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It’s time to put the insurance companies out of their misery

By auguste
Wednesday, October 21, 2009 16:39 EDT
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If I were on trial for robbing a house, the last thing in the world I would do is give a series of public lectures on cat burglary techniques. “I’m completely innocent,” I’d say, as the sample lock clicked open. “I’ve lived a clean life. Any questions about the order in which to rifle dresser drawers?”

The health insurance companies, admittedly with the help of a few journalists and bloggers, seem intent on demonstrating just how good they are at heisting TVs and jewelry. They’re denying babies for being too fat. They’re denying babies for being too skinny. They’re denying women for having been raped. They’re charging women 84% more than men, although that last one may be par for the American course.

That’s seriously audacious. They claim they’re fighting for their lives, that health care reform is going to make it impossible for insurers to stay in business, that the public option would be the death knell of private insurance companies. And you could say that this is crazy, or this is arrogant; that they’re less like a housebreaker than like a depression-area bank robber, lauded in the press while stealing from the poor to give to the rich; Robin Hood in reverse. But in truth, they’re not crazy. These denials and “dumb moves” are so inherent in the system that it actually surprises me that Rocky Mountain Health Plans changed anything at all.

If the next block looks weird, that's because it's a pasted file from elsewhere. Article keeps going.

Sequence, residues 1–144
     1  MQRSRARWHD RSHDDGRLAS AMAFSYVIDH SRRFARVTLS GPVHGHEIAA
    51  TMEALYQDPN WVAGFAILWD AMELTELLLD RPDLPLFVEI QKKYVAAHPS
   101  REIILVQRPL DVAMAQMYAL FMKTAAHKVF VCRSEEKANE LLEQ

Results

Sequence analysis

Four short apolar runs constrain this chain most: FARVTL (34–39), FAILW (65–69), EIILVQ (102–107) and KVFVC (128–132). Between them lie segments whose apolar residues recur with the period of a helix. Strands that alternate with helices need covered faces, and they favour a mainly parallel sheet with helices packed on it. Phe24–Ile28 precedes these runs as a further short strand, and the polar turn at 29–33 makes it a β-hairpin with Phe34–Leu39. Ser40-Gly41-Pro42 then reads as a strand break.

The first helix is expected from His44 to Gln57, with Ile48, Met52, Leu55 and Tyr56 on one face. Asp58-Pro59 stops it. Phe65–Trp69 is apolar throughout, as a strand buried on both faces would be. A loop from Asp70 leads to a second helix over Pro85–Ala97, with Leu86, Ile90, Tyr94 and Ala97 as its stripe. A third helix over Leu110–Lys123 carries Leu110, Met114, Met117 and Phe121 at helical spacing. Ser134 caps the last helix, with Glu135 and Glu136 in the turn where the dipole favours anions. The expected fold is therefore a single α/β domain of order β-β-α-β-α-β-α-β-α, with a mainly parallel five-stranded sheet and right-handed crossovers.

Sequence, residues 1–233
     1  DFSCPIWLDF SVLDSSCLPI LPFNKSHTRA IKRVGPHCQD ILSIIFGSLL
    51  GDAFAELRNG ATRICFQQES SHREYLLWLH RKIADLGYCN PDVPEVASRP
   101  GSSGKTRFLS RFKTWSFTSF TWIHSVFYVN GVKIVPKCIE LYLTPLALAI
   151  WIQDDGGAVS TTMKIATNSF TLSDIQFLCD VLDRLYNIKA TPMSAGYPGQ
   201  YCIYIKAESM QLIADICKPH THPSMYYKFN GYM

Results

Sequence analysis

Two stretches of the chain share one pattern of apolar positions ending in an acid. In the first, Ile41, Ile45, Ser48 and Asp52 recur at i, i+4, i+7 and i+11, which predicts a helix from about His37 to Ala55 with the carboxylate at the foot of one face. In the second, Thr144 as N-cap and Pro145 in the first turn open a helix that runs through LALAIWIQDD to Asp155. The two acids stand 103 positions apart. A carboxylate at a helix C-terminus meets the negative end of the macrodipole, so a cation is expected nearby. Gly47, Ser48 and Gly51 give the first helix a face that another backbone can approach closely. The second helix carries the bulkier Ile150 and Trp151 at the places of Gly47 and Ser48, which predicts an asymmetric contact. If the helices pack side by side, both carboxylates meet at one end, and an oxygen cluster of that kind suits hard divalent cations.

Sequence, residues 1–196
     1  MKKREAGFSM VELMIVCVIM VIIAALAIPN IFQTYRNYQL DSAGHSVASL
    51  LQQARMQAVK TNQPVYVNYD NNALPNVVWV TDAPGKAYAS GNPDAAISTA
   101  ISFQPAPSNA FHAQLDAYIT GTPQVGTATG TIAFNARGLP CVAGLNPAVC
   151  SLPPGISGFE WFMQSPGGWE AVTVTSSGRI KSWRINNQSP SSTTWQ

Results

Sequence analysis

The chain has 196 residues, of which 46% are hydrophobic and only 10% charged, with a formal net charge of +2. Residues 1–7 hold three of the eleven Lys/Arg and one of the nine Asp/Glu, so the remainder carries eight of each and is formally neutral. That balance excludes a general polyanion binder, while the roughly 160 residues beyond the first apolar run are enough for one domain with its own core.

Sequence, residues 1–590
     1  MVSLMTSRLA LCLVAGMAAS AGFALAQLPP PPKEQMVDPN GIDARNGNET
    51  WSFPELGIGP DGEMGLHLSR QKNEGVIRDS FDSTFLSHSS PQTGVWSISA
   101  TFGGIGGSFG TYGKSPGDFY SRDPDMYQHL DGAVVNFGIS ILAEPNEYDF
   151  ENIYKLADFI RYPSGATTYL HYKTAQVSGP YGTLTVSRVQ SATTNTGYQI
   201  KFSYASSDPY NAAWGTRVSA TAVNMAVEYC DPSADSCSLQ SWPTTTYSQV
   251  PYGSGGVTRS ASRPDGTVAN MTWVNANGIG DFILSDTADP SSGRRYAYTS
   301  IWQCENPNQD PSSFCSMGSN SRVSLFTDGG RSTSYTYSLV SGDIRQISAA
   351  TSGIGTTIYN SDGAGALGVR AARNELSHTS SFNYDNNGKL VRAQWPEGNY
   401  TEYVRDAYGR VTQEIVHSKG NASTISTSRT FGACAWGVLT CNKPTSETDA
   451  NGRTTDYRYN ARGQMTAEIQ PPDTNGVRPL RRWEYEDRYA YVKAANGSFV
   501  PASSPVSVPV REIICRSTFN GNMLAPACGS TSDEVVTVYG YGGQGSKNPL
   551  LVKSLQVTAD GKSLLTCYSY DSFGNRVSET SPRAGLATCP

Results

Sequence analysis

The Democrats seem to have gotten that message. “It is absolutely clear that it is an unsustainable situation as we go forward, and it is well known to the public that the health insurance companies are the problem.” Nancy Pelosi, especially, seems to have shifted into gear.

Obama mocked the insurance companies and those who would bow to them in his speech yesterday. “Oh this is actually harder than expected, the insurance companies don’t like health reform, I guess we’ll just pack up and go home.”

I’m convinced that at least part of the reason for this hardening of rhetoric is a sense in Washington that the American people have finally started to wake up – or at least make their voices heard – about the abuses of the health insurance industry. Good. I’m not enjoying the thought of what will happen to the lower-level employees of the health insurance companies if we finally manage to deliver the coup de grace, but when I weigh them against the now-estimated 45,000 deaths a year , I have to conclude that I’m just happy that they’d have health care while they’re looking for other work.

 
 
 
 
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